Shipston Town Band ensure festive cheer
The Town Band managed to complete all of its Christmas engagements despite the challenges presented by the pandemic. The Christmas Concert at the Townsend Hall where the band was joined by Anne Hume with her Christmas readings was successful, although was sadly attended by a reduced audience.
The weather was kind and the band was able to serenade residents whilst walking around the streets on three nights. In addition, the band played for the Town Carol Service and drew some very appreciative crowds on Christmas Eve when the band played carols in the square. It was great to see so many youngsters playing, directed by their leader Stephanie Wilson. Later in the evening, the band supported carol singers in Luddington and Quinton where the torrential rain caused the carol sheets to disintegrate mid-performance!
On Christmas morning, the weather was much more pleasant when the band, supported by Mayor Ian Cooper, visited Low Furlong, Townsend Hall and Ellen Badger Hospital. During the Community Lunch at the Townsend Hall, the band played outside, before later visiting Kath Roe, widow of the band's former long-serving principal cornet Ken Roe and presenting her with flowers.
It wasn’t just Shipston that was treated to some spectacular performances. The band also played in other local towns including Stratford, Moreton-in-Marsh, Chipping Norton, Banbury and Wellesbourne.
Shipston Community Christmas
The Shipston Community Christmas was back again this year having had to cancel last year's event due to the pandemic. Found and organiser, Tessa Hince, provided the following report.
This year saw us take one small step back to normality and it was lovely to (legally) gather back at the hall on Christmas Day. We decided we would give people options and let them decide if they felt comfortable coming to the hall or if they would prefer a home visit. This seemed to work well with a fairly even balance between those that joined us for tea, coffees or a glass of something at the hall, and those that enjoyed a visit from one of our volunteers at home.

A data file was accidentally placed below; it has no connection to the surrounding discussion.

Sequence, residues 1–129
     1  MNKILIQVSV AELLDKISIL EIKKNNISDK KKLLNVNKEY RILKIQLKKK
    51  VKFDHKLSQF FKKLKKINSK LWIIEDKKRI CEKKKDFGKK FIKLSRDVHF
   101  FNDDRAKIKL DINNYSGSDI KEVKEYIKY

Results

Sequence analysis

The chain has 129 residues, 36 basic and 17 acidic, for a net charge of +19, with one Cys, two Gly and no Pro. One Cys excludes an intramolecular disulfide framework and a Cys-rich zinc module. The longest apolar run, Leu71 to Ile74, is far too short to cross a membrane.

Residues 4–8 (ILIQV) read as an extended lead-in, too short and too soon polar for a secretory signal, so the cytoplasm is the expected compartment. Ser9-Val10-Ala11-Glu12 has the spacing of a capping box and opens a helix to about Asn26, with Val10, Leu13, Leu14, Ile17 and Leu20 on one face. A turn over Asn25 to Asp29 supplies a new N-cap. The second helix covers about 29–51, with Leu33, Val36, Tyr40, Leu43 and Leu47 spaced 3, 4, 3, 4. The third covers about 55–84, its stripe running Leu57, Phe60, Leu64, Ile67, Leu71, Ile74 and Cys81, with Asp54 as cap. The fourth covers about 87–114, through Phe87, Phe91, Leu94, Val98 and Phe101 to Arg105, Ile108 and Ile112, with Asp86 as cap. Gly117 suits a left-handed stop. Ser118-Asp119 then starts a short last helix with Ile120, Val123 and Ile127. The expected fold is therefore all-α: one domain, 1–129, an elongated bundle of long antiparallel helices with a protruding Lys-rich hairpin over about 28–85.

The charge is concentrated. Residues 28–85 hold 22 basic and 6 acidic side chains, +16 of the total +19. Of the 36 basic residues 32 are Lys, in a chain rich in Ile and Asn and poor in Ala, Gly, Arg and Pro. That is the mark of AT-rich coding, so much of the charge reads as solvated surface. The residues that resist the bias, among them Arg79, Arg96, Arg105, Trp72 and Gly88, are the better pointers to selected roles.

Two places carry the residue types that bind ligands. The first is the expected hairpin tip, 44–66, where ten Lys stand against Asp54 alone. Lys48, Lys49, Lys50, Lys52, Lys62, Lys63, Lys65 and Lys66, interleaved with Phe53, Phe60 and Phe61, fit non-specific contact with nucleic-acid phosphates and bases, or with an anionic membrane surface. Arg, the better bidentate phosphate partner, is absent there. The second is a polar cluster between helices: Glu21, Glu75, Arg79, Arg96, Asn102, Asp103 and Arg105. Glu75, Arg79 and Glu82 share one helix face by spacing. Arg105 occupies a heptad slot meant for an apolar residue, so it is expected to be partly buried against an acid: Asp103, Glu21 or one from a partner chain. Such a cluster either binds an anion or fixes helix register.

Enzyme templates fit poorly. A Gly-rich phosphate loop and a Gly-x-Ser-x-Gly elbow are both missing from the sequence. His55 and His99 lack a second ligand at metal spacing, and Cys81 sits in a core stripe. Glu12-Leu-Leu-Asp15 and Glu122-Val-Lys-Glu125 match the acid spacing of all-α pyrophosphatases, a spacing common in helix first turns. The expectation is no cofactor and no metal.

We supported around 70 people which included people from Brailes, Tredington, Illmington, Stourton and Great Wolford, and we also delivered around 10 food hampers to families in Shipston struggling at Christmas.
This year our food parcels had a starter and main course from The Castle at Edgehill, delicious desserts from Bex Scott, handmade Christmas cards from Shipston Primary school and gifts donated by the community. Each of our guests also received a bag of Christmas gifts ensuring that everyone that joined us had something to unwrap on Christmas Day. We would like to say a huge thank you to everyone that made these possible. We’re always overwhelmed by the generosity displayed by Shipston people.
Lots of the volunteers also come down to join in the fun, sometimes because they find Christmas a bit hard otherwise, so it’s a warm, welcoming place for everyone to come for any reason.
This year we also received financial support from the Stour Valley Lions which means we could cover the costs for the meals and Townsend Hall hire so we didn’t need to fundraise for cash donations. We really appreciate these though as it does mean we can continue to run the event year on year so a huge thank you to those that contributed. It is quite expensive to run even with the many donations we receive from you. The Castle at Edgehill gave us a 50% discount on their takeaway meals which was such an amazing and kind thing to do.
The Townsend Hall have had to apply a charge to us for use of the hall of £400 this year, so we will have to raise the necessary funding. The event costs us around £1500 each year. If you feel you would like to make a financial contribution to our cause, then you can contact us on 07498 558149.
We also want to say a huge thank you also to our volunteers and drivers, North Cotswold Brewery, Richard & Lou at The Richard Harvey Collection and the Cotswold Distillery.